A former Federal Reserve governor and possible candidate for future top positions at the central bank said Wednesday that the Fed isn't as independent or permanent as many think.
"There has been this idea that the Fed has its own power" said Kevin Warsh, a Fed governor from 2006 to 2011. "It doesn't."
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Noting that the central bank was created by Congress, he said: "We are accountable to Congress, and importantly, the only place where we have any deserved and granted independence is in the conduct of monetary policy."
Mr. Warsh, a Republican who is currently a fellow at Stanford University, said the Fed rightly aims to keep politics out of monetary policy.
"But the idea somehow that if the Congress says 'We think you guys should consider X, or you should reform yourself in this way,' well my view is we shouldn't fall into a defensive crouch and say 'How dare you challenge our independence!' We are subject to the people's will."
His comments amid rising expectations that President Donald Trump wants to make changes at the Fed that could even include replacing Fed Chairwoman Janet Yellen when her term ends in early 2018. Mr. Warsh is seen as a possible candidate for chairman if Mr. Trump were to decide not to keep Ms. Yellen for a second, four-year term.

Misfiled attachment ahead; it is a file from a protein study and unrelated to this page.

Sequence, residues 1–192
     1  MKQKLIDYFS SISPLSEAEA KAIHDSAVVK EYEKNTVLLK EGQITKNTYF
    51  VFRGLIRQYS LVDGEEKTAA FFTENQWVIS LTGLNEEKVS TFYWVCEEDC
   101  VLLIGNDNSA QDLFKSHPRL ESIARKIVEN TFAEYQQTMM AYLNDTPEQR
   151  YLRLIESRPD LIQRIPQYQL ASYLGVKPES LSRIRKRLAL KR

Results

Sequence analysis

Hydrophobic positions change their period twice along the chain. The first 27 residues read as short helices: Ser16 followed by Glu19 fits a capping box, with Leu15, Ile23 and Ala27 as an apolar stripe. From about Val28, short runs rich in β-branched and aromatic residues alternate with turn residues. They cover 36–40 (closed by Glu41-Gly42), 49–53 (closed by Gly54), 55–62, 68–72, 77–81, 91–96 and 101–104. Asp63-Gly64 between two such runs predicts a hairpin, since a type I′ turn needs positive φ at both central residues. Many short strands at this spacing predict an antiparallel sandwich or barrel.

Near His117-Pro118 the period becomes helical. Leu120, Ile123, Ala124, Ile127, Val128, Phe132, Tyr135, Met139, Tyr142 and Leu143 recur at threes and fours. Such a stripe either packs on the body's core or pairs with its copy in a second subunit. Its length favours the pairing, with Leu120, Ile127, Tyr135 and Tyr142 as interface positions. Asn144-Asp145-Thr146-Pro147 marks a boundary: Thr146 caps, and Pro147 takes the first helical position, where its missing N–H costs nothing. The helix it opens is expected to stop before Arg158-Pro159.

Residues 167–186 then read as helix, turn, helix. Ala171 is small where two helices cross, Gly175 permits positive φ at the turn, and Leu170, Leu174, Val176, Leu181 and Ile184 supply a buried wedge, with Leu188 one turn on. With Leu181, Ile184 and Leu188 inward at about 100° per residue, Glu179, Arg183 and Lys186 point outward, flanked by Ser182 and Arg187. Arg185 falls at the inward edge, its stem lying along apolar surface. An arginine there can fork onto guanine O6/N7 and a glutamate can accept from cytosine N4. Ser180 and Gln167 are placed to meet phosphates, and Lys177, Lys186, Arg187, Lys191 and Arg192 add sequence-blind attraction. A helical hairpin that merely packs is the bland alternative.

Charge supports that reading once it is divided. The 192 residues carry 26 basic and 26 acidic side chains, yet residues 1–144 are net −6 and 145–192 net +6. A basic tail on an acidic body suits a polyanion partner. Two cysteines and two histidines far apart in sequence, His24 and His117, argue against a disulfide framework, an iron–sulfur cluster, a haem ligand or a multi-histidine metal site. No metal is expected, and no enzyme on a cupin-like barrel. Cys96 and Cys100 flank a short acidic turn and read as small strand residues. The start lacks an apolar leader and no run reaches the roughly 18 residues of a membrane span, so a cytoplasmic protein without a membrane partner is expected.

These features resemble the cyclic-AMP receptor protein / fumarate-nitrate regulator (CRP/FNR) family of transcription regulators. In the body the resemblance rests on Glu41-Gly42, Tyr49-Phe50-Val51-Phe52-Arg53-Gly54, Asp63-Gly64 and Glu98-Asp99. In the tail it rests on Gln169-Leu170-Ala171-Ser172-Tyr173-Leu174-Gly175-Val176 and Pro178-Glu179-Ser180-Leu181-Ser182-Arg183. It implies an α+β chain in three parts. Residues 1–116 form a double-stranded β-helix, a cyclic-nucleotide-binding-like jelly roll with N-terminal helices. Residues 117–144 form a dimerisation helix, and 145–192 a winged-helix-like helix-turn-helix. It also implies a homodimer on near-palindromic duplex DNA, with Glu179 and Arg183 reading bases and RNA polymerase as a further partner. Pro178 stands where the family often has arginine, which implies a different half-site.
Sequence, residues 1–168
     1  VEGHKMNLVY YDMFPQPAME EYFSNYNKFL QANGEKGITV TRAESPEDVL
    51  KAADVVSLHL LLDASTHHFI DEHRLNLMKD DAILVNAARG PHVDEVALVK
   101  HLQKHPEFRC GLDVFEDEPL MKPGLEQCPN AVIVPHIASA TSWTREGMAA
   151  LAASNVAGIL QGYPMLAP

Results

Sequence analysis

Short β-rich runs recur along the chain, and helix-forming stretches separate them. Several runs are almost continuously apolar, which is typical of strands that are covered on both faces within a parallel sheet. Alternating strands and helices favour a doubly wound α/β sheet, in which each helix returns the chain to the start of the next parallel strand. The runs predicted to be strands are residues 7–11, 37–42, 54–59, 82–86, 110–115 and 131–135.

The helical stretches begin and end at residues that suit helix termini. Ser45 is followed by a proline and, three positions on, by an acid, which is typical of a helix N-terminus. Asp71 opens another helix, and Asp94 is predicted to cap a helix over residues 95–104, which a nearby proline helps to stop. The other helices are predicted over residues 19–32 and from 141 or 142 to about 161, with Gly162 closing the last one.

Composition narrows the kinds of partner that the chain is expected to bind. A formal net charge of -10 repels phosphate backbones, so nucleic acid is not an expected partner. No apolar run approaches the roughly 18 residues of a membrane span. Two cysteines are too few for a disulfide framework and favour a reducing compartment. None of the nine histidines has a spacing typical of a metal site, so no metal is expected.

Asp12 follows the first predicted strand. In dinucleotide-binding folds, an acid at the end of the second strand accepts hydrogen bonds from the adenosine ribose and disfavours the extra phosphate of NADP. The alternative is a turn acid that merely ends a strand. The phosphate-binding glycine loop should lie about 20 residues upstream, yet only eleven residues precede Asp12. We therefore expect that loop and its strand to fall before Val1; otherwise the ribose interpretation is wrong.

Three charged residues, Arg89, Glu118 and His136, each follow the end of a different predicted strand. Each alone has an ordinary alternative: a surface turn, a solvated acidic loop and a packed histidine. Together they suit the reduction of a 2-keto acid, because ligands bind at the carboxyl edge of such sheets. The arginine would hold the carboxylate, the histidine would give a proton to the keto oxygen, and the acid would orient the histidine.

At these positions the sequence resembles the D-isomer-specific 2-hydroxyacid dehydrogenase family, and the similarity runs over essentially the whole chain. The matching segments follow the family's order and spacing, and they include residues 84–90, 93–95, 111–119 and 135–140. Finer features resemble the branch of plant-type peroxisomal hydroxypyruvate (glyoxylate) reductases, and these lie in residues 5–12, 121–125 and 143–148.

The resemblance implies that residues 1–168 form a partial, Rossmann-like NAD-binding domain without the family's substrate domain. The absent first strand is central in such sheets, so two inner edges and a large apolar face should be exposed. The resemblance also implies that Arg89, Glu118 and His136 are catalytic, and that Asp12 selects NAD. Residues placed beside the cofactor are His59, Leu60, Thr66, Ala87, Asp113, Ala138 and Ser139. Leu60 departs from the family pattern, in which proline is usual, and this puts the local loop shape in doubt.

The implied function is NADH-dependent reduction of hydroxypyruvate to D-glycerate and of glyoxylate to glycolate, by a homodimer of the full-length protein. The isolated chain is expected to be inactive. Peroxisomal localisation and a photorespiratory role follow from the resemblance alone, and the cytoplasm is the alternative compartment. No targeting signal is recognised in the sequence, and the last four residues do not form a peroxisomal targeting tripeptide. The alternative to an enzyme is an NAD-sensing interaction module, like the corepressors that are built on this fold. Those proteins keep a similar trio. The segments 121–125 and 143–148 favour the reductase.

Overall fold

Mr. Warsh has often been critical of the Fed in recent years, calling for broad changes such as how Fed board members communicate with each other as well as the public.
He continued to take respectful jabs at the Fed during the Wednesday evening event, which was moderated by Federal Reserve Bank of Dallas President Robert Kaplan, a voting member of the Federal Open Market Committee.
Mr. Kaplan said that while he disagrees with some of Mr. Warsh's comments and criticism, he also thought such disagreement and debate was helpful in strengthening the Fed.
Mr. Warsh also hinted that the Fed could eventually be at risk of being dismantled if it doesn't make needed changes from within. He reminded the audience that the Fed is the nation's "third experiment with a central bank, and the reason it's our third is because the first two didn't go so well."
"The idea that we [the Fed] are a permanent fixture in the economy is mistaken," Mr. Warsh said. "The reason we need to reform ourselves is because we believe in an independent central bank subject to the oversight of Congress and the selection of the president."
Write to Dan Molinski at Dan.Molinski@wsj.com
(END) Dow Jones Newswires
June 22, 2017 00:40 ET (04:40 GMT)